Azomite


I found something that might be of interest, Azomite is sold nationwide. The main proprietor is a company called Peak-Minerals located in Missouri. Here's some info on azomite.

A Source of Minerals & Trace Elements
Azomite is the name of a special rock in Utah. Early this century geological prospector Rollin Anderson found deposits of montmorillonite clay in a valley south of Salt Lake City. U.S. Bureau of Mines analysis showed the clay is similar to Chilean/Peruvian caliche rocks from which much of the world's nitrate was mined. Anderson ground montmorillonite as fine as possible, then put it in his garden. Results were amazing and nearly immediate. Minerals in Azomite are necessary to optimal metabolism in living things. Ground to dust, minerals are small enough to pass through cell walls of organisms.
 
Azomite is natural mined rock from a specific volcanic deposit in central Utah marketed as a free-flowing, less than 200 mesh, tan to pink powder with a density of 48 lbs./cubic foot. Shipped in bulk ($350/ton) or 40 lb. paper sacks ($19). No additives, synthetics or fillers. Mineralogically, Azomite is rhyolitic tuff breccia. Chemically, it's hydrated sodium calcium aluminosilicate. U.S. Code of Federal Regulations (21 CFR 582.2729) lists it as "anti-caking agent." It's "generally recognized as safe" (GRAS) by FDA for feeds up to 2% by weight. Odorless, insoluble (1%). Azomite has 67 major and trace elements, so its name means "A to Z Of Minerals Including Trace Elements." Typical analysis shows every element that's beneficial to plants and animals, and other elements (micro-nutrients) scientists believe essential. Any contaminants are within American Feed Control Officials guidelines.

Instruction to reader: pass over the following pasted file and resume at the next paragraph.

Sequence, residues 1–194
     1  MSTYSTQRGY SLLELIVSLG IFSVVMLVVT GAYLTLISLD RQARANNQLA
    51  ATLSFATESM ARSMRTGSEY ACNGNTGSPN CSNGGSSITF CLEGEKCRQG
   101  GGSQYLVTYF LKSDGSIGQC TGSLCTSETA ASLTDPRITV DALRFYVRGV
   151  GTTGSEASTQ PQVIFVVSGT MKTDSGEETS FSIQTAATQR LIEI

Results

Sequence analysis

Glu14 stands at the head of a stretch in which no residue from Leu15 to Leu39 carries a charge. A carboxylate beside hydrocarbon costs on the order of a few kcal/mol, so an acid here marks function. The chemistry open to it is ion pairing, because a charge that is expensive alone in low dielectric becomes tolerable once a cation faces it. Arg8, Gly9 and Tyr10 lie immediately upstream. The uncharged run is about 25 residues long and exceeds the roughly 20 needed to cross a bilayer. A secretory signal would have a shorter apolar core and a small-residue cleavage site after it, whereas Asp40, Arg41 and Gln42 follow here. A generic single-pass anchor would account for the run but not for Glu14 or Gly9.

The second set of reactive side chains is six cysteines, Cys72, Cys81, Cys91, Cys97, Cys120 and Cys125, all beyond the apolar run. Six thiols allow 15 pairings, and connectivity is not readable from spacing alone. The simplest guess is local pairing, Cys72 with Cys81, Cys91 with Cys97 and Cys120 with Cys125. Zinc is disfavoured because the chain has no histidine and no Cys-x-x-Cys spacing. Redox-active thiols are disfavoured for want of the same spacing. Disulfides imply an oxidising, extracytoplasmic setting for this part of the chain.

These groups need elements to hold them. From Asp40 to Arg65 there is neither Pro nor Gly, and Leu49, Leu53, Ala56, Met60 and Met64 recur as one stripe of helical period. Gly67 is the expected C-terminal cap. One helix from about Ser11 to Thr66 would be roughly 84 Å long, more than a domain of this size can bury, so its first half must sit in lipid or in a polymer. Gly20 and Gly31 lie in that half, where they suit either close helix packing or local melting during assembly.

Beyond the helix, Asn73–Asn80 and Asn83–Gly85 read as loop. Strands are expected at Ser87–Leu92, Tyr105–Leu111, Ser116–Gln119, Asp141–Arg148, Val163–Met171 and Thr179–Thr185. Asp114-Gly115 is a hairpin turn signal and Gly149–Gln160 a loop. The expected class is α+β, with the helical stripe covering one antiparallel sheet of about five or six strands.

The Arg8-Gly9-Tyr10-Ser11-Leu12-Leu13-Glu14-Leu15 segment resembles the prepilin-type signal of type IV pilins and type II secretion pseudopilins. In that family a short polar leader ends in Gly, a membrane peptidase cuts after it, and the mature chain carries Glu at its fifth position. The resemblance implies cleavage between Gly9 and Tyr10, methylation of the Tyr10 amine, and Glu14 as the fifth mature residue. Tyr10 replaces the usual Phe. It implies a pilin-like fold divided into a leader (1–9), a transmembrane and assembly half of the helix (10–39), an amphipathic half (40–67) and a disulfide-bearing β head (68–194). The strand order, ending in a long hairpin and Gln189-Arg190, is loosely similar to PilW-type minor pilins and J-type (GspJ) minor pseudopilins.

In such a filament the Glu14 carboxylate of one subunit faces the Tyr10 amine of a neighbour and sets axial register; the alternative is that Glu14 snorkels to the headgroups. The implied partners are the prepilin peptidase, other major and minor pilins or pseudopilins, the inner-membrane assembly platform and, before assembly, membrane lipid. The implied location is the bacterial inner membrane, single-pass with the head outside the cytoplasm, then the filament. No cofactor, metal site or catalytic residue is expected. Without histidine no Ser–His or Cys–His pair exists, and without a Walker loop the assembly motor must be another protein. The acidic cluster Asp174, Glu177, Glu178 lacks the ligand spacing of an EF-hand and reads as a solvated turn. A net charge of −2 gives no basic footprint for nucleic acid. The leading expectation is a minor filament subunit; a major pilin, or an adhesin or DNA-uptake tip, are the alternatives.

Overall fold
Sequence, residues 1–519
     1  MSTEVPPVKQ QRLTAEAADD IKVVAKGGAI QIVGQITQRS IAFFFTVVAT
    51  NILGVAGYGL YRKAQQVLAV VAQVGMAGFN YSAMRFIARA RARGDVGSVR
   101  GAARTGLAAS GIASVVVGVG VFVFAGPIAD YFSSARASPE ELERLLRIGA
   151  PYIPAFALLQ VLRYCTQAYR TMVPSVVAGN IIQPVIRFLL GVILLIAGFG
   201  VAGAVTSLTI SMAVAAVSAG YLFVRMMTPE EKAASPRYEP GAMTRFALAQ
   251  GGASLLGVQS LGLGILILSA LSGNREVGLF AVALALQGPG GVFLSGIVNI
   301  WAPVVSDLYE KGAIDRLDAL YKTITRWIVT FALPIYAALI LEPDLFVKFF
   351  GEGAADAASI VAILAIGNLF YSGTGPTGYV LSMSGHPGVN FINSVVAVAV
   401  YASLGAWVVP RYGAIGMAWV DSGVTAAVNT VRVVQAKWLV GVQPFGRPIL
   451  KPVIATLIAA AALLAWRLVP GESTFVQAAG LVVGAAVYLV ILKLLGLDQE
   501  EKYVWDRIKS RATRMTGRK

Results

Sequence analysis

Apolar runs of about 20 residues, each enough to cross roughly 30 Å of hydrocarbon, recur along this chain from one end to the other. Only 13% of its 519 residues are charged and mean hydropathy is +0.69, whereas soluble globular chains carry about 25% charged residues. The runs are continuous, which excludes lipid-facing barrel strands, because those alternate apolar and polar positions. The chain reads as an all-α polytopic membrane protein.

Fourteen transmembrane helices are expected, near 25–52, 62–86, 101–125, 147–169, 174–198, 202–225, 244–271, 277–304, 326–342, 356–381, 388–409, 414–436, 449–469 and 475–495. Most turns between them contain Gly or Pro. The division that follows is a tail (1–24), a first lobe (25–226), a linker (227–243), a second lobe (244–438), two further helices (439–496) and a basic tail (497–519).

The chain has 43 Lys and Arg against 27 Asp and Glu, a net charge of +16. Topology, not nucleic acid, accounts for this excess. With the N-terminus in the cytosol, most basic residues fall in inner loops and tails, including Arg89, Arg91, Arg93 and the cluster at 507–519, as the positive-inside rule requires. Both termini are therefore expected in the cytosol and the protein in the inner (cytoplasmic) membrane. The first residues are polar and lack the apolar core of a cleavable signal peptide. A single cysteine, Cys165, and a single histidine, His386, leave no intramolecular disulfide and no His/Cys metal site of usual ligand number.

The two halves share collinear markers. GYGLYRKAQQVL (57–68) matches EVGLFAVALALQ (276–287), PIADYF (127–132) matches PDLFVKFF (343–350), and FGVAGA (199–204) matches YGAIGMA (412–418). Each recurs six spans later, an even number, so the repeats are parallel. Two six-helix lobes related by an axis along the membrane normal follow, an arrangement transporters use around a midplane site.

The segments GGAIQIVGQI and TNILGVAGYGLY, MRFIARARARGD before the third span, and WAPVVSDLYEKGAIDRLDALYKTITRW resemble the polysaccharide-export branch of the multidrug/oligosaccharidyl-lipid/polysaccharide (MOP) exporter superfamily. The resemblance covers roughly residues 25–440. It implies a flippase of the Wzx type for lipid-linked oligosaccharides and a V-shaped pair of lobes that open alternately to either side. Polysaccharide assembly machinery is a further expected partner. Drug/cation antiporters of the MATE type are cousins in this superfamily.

Azomite was mined since 1942 as soil amendment and livestock feed additive. Cattlemen report faster weight gain, improved feed efficiency, upgraded meat quality, greater disease resistance, reduced mortality. Dairymen report increased milk, higher butterfat. Poultry producers report enhanced egg fertility and shell quality. Crop farmers report improved growth, health, size. Potatoes report 19-60% increase in yield; sugar beets are larger, with higher sugar content. Citrus growers report improved recovery from decline, healthier trees. In 1988 Peak Minerals, Inc. acquired the deposit and initiated accredited research in Colorado, Utah, Florida, and Georgia. Studies in broiler chicken, mycotoxin, citrus, and crops indicate benefits and are available by request. Currently approved for organic farming in California, Colorado, Oregon, and Washington. Research recommends 300-600 lbs./acre broadcast, or 2 lbs./10 sq. ft in gardens. Users are testing row and foliar application.

Offered by Pat.

It seems to be an expensive way (a $19 bag treats 200 sq. feet for one season?) to add elements and their ones we're concerned about occur only in trace amounts. I believe the increase in yields and growth that the site are primarily from the potassium and calcium (mineralogically speaking).

Offered by Roger.

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